Saturday, July 16, 2011

5 questions

1. Is it possible, as a flawed human, to run a big and successful ministry without being (or at least, appearing to be) somewhat autocratic in your leadership style?

2. Is it possible, as a flawed human, to run a big and successful ministry and not feel some pride in your (!) achievements?

3. Is it possible, as a flawed human, to run a big and successful ministry and humbly receive rebuke from your underlings?

4. Is it possible for a denomination to grow quite quickly out of a single church and for the necessary ecclesiastical structures to grow fast enough with it to keep all the checks and balances adequately in place?

5. Is there a mega church out there that unifies its members around principles rather than practice? Or is spelt out, directive application, something that draws people in the thousands?


  1. I'd say that it's possible to say 'yes' to no. 3.

  2. hmmmnnn. I know that Billy Graham had an itinerant ministry and not a settled pastorate, but I'm finding it hard to say anything other than 'yes' to all five points based on his example.

    If it really is 'no' to all five, then I think we've replaced 'only those with big successful ministries are godly/close to God' with 'only those who don't have big successful ministries are godly/close to God'. I'm not sure either is an improvement on the other.

    Failure, success, and great success (inverted commas around all three) bring their own tests of godliness, they don't force the results of those tests.

  3. 'all five' in the start of the second paragraph in the above comment should have been 'any of the five'. Godliness and good order is possible with great numerical growth in a single ministry. None of the five have to be lost.

    If that's not the case, we'd have to pray something like, "God please don't grow this ministry very much, just a bit is enough."

  4. Hi Mark.
    I think you misunderstand my purpose here. I've got nothing against big churches.

    re #1 - I don't think being towards the autocratic end of the spectrum = ungodliness.

    re #2 - I think pride is going to be a big temptation that big church ministers will need to keep on repenting of.

    re #3 - I think receiving rebuke from your juniors is somewhat unnatural. So systems will need to be in place whereby the senior minister of a big ministry can be rebuked. This may involve an outside board that people can go to.

    re #4 - Ecclesiastical structures keeping up with church growth. I think this will always be a challenge and we should expect mistakes to be made (and repented of) along the way.

    re #5 - don't worry about this one!

    Of course I'm thinking here about the yucky SGM mess that's been all over the internet this week. My point is that the sins of the man in question (he's been accused of #1,2, and 3) aren't all that surprising.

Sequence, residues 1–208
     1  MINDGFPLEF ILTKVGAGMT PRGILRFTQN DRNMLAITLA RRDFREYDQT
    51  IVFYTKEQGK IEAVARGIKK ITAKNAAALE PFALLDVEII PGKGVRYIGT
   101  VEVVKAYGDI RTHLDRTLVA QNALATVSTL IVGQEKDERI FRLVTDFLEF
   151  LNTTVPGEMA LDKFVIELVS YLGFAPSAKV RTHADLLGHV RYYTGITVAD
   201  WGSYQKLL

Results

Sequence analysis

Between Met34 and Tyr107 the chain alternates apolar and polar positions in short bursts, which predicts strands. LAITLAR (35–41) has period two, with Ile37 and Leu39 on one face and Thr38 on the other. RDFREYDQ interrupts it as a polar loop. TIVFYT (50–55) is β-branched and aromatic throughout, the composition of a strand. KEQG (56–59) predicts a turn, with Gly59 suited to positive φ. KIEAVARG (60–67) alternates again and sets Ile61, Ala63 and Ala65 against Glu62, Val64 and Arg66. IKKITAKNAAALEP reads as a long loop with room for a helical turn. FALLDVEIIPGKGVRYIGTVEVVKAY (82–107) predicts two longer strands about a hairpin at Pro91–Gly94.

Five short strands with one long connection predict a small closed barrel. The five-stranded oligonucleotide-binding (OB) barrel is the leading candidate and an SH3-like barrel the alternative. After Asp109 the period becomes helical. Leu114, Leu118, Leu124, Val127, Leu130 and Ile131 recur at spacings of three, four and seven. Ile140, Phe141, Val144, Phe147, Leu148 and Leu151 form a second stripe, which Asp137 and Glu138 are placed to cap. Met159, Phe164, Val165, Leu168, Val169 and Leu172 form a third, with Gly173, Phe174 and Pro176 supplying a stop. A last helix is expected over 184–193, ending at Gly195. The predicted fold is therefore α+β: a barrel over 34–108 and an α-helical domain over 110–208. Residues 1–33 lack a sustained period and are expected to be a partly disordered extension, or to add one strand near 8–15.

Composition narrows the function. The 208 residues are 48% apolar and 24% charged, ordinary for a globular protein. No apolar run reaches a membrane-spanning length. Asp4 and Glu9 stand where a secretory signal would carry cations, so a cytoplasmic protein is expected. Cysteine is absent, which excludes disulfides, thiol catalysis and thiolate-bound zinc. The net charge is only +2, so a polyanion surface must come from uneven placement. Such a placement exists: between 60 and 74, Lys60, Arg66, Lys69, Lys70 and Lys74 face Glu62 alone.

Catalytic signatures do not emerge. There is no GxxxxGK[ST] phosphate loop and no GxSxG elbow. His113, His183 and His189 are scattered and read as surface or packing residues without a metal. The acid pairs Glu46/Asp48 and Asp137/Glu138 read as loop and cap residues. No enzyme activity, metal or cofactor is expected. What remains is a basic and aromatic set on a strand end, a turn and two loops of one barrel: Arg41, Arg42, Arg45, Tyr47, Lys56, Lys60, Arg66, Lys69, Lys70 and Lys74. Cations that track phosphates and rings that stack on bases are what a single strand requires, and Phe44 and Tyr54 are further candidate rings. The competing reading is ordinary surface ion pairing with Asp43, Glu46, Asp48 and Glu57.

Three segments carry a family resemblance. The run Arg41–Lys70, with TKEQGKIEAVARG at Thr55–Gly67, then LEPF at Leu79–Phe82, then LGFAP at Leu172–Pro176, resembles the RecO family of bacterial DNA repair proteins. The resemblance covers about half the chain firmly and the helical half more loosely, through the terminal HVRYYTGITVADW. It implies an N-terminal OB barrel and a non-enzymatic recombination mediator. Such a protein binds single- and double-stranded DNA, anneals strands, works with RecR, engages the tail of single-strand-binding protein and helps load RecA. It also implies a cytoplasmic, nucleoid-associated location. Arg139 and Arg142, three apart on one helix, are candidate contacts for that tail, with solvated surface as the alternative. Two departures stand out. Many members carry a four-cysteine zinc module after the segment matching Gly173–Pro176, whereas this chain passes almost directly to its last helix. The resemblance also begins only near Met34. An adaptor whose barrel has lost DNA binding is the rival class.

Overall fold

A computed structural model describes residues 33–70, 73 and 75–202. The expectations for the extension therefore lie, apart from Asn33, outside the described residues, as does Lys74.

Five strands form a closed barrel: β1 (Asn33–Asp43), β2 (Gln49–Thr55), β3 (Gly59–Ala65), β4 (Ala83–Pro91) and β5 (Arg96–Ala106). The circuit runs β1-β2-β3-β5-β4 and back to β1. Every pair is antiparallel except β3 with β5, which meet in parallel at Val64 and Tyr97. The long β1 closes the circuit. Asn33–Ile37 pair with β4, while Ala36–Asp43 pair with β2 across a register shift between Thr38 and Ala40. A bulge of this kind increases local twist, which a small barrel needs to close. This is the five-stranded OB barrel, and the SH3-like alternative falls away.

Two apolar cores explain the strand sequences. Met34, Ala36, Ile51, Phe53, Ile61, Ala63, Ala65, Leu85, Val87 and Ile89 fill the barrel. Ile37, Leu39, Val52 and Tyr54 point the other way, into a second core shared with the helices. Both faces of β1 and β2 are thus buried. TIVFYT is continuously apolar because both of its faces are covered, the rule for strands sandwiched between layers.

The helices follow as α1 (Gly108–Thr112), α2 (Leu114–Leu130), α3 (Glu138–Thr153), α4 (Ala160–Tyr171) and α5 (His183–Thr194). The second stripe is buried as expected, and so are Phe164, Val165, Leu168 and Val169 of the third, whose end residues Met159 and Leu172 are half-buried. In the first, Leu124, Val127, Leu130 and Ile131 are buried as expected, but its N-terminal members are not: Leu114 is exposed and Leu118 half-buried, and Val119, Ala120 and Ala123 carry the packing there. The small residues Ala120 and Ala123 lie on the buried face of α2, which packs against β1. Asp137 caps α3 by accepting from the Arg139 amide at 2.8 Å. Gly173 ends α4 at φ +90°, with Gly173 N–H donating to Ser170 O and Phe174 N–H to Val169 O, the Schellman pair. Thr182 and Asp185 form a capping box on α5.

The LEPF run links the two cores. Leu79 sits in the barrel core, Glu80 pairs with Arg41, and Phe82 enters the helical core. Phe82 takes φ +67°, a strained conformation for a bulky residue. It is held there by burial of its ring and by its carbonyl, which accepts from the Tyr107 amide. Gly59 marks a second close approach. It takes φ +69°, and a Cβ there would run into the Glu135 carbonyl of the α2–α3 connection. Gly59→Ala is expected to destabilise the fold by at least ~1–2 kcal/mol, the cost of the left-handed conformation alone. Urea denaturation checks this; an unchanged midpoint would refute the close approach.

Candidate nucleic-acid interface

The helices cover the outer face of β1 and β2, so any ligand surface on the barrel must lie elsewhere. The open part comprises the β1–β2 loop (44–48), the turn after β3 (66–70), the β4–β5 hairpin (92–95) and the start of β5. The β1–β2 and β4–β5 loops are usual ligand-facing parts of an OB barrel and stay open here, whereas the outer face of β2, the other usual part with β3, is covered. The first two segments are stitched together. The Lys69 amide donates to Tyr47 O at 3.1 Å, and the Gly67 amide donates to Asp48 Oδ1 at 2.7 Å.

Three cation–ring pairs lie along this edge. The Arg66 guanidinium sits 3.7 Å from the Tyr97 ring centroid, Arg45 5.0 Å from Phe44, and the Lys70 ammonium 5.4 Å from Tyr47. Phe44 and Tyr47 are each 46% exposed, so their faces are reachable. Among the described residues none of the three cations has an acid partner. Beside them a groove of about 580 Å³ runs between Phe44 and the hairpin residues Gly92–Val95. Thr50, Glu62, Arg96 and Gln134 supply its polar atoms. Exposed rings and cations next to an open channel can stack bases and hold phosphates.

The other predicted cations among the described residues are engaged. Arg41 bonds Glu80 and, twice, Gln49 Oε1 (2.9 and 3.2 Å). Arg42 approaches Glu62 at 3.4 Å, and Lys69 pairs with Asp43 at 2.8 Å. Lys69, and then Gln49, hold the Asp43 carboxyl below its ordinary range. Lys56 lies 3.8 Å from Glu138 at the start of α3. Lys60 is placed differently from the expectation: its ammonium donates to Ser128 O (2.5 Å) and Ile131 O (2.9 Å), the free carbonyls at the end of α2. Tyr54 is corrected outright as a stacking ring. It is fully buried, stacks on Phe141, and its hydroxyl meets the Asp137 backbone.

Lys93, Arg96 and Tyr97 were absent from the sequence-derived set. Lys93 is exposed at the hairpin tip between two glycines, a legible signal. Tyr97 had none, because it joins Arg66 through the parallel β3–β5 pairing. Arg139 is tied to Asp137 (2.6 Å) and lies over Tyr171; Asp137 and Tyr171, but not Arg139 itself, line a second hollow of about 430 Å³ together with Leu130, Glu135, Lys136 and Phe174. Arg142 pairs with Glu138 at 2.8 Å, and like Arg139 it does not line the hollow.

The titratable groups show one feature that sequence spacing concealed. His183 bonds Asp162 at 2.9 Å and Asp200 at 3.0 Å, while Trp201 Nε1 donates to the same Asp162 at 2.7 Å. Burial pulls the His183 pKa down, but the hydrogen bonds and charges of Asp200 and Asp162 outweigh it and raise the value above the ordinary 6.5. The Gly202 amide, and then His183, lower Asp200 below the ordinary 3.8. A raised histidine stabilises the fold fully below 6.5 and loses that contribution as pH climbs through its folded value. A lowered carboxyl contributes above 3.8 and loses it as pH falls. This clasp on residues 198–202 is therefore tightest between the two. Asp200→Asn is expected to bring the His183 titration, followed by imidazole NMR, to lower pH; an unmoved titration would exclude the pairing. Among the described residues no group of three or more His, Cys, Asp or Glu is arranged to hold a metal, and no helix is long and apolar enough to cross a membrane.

If, to run a church that size you need to be more autocrat than democrat, it is no good enjoying the growth you see then blaming the minister for his more autocratic leadership style.

    I think the real problem lying beneath the 600 page critique/slander (don't know, haven't read it) of this man is probably that people felt there was no court of appeal to take their grievances. There was no process or accountability. No one further up the food chain could rebuke the minister. This is an issue of church governance that needs to be addressed.

  5. Hi Simone,

    Well, I interpreted whether what you were describing was good, neutral, or bad, and from that gave my answer. I'm not sure I was necessarily saying that you thought the things were bad.

    I think we agree on a lot here, but, my extra thoughts on #1-5 after reading yours:

    #1 I agree with you, but I think most people I've met think that autocratic pastors are, at best, like war - not necessarily sin, but only exist in a fallen world. The ideal lies elsewhere.

    #2 Agree, but think that pride is a problem wherever you are on the success spectrum, it'll just take different forms. Lack of success doesn't make true humility any easier.

    #3 Really not so sure on this. I think the way a person with authority rebukes someone under the authority will be quite different from how someone under that authority rebukes someone over them. But "somewhat unnatural" seems a bit strong to me. I think systems can help as well, but I think it is possible to be the senior guy and be open to rebukes by those you lead.

    #4 I agree.

    As far as the concrete, my impression is that the man in question hasn't just been accused of 1-3, but also of being deceptive in his dealings with people. That ups the ante out of just leadership styles IMO. It changes the color of the charges/concerns from one of style, to one of godliness.

    Apart from that I basically agree with your second last two paragraphs. Although I think that church governance is not a silver bullet either. A hard hearted person won't hear a rebuke from anyone, even the court of appeal. They will always be able to impugn motives or the like. The fact that the man in question has, I understand, stepped down before any investigation has been done for self-examination is a big thing in his favor in my opinion. That's a big thing to do, especially when it means stepping out of a large ministry that has grown up around you. Even if the other things turn out to be right, that needs recognition as well.